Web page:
The United Nations General Assembly passed The Girl Child Resolution (A/RES/51/76) which recognized FGM as a type of “discrimination against the girl child and the violation of the rights of the girl child.”
The African Charter of Human and Peoples’ Rights stresses the rights of humans. Article 4 is focused on the integrity of the individual as well as article 5 on the dignity of human beings and protection from degradation and degradation, article 16 on human rights and health, and article 18 (3) regarding the protection of human rights to the rights of women and children.
The Addis Ababa Declaration on Violence against Women is an important step towards creation of an African charter against violence against women. It provides the legal framework for the national laws that will be used to combat FGM. It was adopted by the Council of Ministers during its sixty-eighth Session , held in July of 1998 by Organization of African Unity (OAU). This Declaration was later adopted by the Assembly of Heads of State and Governments.
The Banjul Declaration condemns FGM and requires the elimination of FGM.
The United Nations Social, Humanitarian and Cultural Committee adopted a resolution calling for States to implement legislation and policies that restrict conventional or traditional methods of practice that harm women’s health and well-being of females and girls, which includes FGM.
The Ouagadougou Declaration of the Regional Workshop on the Fight against Female Genital Mutilation solicits for the establishment of networks and methods to fight FGM.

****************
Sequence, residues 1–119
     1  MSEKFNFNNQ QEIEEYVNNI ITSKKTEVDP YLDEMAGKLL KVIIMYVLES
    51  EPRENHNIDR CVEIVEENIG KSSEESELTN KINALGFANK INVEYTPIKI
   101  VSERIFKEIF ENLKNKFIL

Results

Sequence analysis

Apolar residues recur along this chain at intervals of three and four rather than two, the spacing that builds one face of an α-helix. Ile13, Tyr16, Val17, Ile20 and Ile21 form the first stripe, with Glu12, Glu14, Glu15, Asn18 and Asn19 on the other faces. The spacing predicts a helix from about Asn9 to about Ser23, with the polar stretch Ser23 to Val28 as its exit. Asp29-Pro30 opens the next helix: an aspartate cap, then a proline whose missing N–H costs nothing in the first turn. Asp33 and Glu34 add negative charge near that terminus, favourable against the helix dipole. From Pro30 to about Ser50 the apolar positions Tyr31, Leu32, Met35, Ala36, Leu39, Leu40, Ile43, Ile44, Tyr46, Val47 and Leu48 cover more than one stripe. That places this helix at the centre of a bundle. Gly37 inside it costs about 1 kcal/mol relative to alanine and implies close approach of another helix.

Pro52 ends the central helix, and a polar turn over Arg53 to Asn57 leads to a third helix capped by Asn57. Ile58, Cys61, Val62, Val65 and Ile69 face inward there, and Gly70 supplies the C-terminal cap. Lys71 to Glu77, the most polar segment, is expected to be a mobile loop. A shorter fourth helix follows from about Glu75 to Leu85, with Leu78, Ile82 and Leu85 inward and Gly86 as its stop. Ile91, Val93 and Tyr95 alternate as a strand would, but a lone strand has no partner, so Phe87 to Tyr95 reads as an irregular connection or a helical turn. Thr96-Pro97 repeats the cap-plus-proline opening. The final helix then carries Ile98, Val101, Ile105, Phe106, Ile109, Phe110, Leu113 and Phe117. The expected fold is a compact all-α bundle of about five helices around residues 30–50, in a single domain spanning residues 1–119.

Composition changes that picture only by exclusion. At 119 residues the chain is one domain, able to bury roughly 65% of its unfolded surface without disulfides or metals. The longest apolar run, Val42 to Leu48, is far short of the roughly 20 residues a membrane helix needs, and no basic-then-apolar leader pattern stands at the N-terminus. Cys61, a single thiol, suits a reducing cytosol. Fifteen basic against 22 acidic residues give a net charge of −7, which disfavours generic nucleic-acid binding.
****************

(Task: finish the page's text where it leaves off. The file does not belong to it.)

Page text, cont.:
Key Actions for the Implementation of the Program of Action of the International Conference on Population and Development calls on governments to support the droits of girls and girls and guarantee their protection from oppression, discrimination and violence, as well as harmful practices. The document also urges the government to ensure that health professionals are educated and equipped to provide services to patients who have been subjected to unsafe practices.
Additional actions and Initiatives to implement the Beijing Declaration and Platform for Action acknowledges the advancements made in the national effort to end FGM, and points out that discriminatory practices and standards continue to leave girls and women more vulnerable to violence against women, which includes FGM. The document calls on governments to tackle and end violence against women.
The European Parliament adopted a resolution regarding female genital cutting that calls for protection measures to those who have suffered from the practice and insisting on states to recognize the right of refuge to women and girls who are at in danger of being a victim of FGM.
The Protocol to the African Charter on Human and Peoples’ rights, which focuses on women’s rights in Africa Also called Maputo Protocol. Maputo Protocol calls for the “elimination of harmful practices.”
United Nations General Assembly adopted The Girl Child Resolution (A/RES/62/140) declaring that they were “deeply concerned… that female genital mutilation is an irreparable, irreversible harmful practice.”
Commission of the Status of Women approved Resolution 54/7on the end of FGM.
Africa Union Assembly/AU/Dec. 383(XVII) resulted in the resolutionstating the following “female genital mutilation (FGM) is a gross violation of the fundamental human rights of women and girls, with serious repercussions on the lives of millions of people worldwide, especially women and girls in Africa.”
The Fifty-sixth meeting of the Commission on the Status of Women adopted the draft resolution, “Ending female genital mutilation.” (E/CN.6/2012/L.1) The Secretary-General issued the report ” Ending Female Genital Mutilation” in which she summarizes how far we have come in the application of the 2010 CSW resolution 54/7.
European Parliament Resolution from June 14, 2012 that aimed at the end of female Genital Mutilation.